Over the past decade, we have seen the media place blame for our changing climate on cattle. Scientific evidence does not support this claim though for cattle in the United States.
Cattle produce a lot of methane gas, primarily through enteric fermentation and fermentation of their manure. Methane is a powerful greenhouse gas that, along with nitrous oxide, carbon dioxide and some other compounds in the atmosphere, create a blanket around our planet. This is good; without this atmospheric blanket, the earth would be too cold for us to survive. The current problem is that concentrations of these gases in the atmosphere are increasing, which is thickening our blanket.
Greenhouse gases and the atmosphere
The methane that cattle produce is part of a natural carbon cycle that has been happening since the beginning of life on our planet. Through photosynthesis, carbon dioxide is extracted from the atmosphere and fixed as carbohydrates in plant material. Cattle consume and digest these carbohydrates, where some of the carbon is transformed to carbon dioxide and methane gases that are respired back to the atmosphere. This methane is oxidized in the atmosphere through a series of reactions, transforming that carbon back to where it started as carbon dioxide in the atmosphere.
In contrast, when we burn fossil fuels, we are taking carbon that has been stored in the earth since pre-historic times and converting it to “new” carbon dioxide released to the atmosphere. For every gallon of fuel consumed, about 20 pounds of carbon dioxide are created and released to the atmosphere. We are releasing this gas more rapidly than it can be absorbed in our oceans and soils. Thus, we are observing a rather rapid increase in atmospheric carbon dioxide concentration, and the effect of this change will be with us for 1000s of years. Whereas cattle are part of a natural cycle with short-term impact, burning of fossil fuels has a more permanent impact.
Cattle numbers and greenhouse gas emissions
We must also consider the number of cattle and their productivity. Cattle numbers in the United States have been stable or declining for many years. Beef cow numbers peaked in 1975, and the current number is similar to that maintained in the early 1960s. Dairy cow numbers are the lowest they have been in over 100 years.
We also have to consider that modern cattle are getting larger and more productive. They consume more feed and produce more methane per animal, but they are also more efficient producing more meat or milk per unit of feed consumed. Considering cattle numbers and these increases in productivity and efficiency, methane emission from cattle in the United States has not increased over the past 50 years.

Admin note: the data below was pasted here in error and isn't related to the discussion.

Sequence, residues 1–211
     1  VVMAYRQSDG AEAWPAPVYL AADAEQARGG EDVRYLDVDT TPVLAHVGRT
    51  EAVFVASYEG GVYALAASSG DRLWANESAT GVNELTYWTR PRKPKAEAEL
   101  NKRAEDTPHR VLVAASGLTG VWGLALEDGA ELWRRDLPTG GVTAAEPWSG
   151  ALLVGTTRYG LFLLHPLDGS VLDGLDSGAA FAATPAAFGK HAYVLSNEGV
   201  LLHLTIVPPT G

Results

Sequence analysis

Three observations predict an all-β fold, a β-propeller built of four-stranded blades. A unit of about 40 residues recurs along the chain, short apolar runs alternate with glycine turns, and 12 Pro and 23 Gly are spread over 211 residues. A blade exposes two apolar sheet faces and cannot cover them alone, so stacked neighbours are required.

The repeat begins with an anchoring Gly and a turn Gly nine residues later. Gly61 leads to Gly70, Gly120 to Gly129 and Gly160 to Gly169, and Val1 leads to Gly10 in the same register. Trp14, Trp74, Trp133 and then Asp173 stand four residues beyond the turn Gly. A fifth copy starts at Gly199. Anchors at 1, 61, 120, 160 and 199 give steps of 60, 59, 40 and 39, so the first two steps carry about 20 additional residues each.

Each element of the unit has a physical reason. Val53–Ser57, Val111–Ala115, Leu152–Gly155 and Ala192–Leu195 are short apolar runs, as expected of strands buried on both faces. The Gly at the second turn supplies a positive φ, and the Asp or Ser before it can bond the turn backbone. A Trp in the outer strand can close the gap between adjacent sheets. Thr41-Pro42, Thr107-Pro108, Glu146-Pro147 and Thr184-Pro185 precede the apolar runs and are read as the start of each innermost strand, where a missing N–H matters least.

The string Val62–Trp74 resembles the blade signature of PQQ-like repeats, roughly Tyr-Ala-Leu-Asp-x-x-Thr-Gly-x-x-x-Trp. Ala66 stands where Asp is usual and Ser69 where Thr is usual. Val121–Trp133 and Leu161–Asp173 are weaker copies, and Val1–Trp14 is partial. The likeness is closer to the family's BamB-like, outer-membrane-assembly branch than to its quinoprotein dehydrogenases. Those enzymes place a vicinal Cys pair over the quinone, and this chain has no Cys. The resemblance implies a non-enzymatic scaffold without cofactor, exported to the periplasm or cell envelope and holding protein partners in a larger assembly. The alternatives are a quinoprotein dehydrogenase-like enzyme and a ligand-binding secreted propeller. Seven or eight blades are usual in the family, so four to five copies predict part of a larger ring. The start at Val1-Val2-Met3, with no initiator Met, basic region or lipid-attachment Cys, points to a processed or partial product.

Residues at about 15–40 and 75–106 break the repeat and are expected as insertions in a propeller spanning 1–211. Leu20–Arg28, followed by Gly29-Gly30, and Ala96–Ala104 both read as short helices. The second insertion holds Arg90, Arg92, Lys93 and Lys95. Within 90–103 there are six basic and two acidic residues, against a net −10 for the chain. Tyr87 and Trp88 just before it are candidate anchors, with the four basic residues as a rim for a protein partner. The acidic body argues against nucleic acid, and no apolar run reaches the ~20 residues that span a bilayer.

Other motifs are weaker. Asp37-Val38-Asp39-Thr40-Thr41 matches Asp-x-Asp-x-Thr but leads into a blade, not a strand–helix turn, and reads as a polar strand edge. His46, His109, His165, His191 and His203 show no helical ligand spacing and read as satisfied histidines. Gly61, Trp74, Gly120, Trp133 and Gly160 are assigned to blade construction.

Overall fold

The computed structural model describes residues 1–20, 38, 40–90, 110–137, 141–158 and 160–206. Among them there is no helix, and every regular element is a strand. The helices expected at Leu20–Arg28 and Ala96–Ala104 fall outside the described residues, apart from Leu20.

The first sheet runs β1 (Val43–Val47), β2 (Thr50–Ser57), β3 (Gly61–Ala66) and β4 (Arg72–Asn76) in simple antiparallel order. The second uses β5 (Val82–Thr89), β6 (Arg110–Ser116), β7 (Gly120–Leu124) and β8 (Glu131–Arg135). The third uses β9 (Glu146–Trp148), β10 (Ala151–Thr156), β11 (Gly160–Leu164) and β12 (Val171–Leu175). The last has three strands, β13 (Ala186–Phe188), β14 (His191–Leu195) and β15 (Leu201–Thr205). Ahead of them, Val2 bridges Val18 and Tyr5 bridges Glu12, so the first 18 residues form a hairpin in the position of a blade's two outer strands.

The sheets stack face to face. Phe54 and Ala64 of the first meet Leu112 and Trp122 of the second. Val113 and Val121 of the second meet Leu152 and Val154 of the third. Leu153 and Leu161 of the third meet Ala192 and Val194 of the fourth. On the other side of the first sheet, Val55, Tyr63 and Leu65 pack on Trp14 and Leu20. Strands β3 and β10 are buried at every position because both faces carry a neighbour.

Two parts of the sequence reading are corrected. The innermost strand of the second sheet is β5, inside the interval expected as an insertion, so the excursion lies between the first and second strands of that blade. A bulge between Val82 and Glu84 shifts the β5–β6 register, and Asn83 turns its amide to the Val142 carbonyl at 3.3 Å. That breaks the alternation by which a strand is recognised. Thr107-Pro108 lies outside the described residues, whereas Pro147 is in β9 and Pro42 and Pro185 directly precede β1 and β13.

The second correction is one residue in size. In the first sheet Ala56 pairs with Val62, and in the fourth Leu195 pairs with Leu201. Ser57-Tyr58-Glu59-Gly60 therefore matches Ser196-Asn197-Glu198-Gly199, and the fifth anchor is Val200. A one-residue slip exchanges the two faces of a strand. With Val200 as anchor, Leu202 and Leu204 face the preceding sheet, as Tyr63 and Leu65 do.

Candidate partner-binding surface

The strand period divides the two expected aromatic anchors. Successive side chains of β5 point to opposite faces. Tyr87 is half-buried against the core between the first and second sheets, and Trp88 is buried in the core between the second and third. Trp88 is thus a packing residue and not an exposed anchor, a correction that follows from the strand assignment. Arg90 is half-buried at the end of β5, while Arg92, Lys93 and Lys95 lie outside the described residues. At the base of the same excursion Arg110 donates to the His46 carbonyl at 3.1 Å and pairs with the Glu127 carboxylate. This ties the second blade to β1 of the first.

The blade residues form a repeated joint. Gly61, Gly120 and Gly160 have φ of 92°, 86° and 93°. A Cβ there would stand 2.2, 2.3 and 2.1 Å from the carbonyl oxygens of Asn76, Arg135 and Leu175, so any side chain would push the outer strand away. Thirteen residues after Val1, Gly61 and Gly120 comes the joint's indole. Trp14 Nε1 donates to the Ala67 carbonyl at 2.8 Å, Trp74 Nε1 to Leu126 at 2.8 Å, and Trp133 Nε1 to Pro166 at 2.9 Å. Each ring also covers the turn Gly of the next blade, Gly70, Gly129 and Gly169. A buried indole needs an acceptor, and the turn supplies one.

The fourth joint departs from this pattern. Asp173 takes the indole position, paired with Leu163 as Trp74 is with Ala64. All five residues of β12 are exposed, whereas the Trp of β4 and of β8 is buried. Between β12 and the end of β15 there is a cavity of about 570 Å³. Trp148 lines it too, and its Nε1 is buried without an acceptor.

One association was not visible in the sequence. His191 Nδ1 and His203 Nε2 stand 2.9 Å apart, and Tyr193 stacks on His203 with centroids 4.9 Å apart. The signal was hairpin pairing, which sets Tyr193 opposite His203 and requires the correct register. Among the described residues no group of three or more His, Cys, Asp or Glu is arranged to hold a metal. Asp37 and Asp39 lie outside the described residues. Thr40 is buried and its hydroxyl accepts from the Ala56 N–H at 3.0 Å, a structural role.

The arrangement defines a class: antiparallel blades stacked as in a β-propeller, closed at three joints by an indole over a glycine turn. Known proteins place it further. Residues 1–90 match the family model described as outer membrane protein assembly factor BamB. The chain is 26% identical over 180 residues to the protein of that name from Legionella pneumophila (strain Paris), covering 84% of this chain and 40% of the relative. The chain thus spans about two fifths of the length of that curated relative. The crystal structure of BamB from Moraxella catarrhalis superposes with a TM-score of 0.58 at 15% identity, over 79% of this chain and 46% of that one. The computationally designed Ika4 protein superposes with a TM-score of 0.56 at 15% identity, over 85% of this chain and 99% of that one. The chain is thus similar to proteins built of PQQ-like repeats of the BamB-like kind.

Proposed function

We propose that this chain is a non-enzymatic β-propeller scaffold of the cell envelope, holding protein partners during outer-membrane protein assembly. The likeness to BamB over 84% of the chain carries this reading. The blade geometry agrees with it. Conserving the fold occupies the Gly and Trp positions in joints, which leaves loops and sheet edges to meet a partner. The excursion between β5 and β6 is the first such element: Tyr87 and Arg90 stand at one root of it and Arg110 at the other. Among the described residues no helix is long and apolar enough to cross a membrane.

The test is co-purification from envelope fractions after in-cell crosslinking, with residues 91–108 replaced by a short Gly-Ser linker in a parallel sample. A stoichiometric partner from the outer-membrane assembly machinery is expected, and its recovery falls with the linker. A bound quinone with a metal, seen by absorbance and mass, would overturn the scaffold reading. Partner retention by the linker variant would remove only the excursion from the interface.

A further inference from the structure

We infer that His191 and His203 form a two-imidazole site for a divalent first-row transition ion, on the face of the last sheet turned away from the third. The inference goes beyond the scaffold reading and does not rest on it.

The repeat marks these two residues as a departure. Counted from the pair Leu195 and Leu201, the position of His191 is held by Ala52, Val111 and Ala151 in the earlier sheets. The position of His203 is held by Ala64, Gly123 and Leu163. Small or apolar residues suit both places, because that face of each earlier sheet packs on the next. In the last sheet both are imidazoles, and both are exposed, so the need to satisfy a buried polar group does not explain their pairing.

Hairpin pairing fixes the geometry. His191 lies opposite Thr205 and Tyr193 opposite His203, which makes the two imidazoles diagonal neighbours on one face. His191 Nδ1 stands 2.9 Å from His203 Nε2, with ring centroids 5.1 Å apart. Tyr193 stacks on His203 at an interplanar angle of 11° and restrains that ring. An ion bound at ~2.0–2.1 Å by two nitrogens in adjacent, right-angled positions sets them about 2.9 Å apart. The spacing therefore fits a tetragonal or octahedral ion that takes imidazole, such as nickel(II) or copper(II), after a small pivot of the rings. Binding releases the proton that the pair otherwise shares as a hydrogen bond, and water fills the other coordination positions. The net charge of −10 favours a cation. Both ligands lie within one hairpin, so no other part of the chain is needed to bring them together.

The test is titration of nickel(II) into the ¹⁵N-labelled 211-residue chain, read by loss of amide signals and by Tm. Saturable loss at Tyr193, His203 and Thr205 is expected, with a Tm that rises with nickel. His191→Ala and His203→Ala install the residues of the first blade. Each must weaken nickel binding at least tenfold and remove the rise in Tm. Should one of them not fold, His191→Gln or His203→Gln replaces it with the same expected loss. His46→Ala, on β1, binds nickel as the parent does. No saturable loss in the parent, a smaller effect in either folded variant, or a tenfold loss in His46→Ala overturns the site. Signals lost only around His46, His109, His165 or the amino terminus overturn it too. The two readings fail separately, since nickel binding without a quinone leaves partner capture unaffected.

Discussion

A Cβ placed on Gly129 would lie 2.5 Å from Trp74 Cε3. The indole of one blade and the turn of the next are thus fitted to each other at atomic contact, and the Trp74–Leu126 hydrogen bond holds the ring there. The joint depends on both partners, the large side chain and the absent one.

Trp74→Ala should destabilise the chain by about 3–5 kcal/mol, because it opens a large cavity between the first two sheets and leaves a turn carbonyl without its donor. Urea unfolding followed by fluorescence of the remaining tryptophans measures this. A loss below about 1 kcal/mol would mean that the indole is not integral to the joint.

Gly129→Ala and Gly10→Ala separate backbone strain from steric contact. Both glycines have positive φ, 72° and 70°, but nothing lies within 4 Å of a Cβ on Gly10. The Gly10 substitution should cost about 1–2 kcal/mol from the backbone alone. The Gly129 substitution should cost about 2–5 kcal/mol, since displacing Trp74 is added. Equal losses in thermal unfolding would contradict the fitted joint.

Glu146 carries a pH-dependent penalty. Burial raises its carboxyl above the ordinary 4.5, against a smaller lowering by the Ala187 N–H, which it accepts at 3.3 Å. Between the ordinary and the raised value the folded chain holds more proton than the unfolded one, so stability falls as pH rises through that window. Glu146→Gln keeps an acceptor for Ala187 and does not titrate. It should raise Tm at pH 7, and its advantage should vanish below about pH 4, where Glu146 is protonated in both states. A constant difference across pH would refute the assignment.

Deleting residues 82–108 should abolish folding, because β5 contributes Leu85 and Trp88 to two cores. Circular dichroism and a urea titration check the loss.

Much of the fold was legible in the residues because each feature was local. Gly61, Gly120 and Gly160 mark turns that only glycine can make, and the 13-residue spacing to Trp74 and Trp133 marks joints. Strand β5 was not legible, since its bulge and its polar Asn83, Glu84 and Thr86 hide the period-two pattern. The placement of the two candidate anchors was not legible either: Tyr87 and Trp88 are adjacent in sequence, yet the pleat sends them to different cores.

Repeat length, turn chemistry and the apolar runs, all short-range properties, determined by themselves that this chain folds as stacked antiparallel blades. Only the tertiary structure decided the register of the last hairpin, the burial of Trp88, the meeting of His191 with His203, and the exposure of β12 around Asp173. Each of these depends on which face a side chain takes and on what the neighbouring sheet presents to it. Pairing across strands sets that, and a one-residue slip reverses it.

This is recent history; what if we look further back? Ruminant wildlife were prevalent in North America before European settlement. Although there are not accurate numbers for the buffalo, elk, deer, and other ruminants on the continent at that time, estimates are available. Based upon those estimates, these animals produced methane in the range of 50% less to 25% more than the current population of cattle, other farm ruminants and wildlife. This indicates that cattle today are not contributing a substantial increase in the methane emissions from U.S. lands compared to pre-settlement times.
So what might be increasing methane concentration in the atmosphere? Global cattle numbers are increasing. Methane is also released during the extraction, refining, and transport of fossil fuels. This methane also oxidizes in the atmosphere to form carbon dioxide, but this is not part of a natural cycle. Like the combustion of fuels, this removes carbon stored in the earth to create new carbon dioxide in the atmosphere with very long-term effects.
Can cattle be part of the solution?
The fact remains that cattle produce a lot of methane. This methane is essentially wasted energy escaping the rumen. Reducing this waste by increasing the efficiency of the rumen may provide a substantial benefit by producing more meat or milk with less feed consumed. Dietary changes can reduce enteric methane production, and feed supplements are being explored to improve feed efficiency and reduce emissions.
Depending upon the cost of dietary changes and supplements, these interventions may provide economic benefit to the producer. In addition, there is the possibility of claiming carbon credits for this reduction. Companies and other institutions desiring to reduce their carbon footprint may be willing to pay cattle producers to use these mitigation practices. This is largely in the future for now.
So, although cattle in the United States are not causing an increase in global warming and related climate change, they may become part of the solution. Reducing any source of greenhouse gas emission will benefit our planet.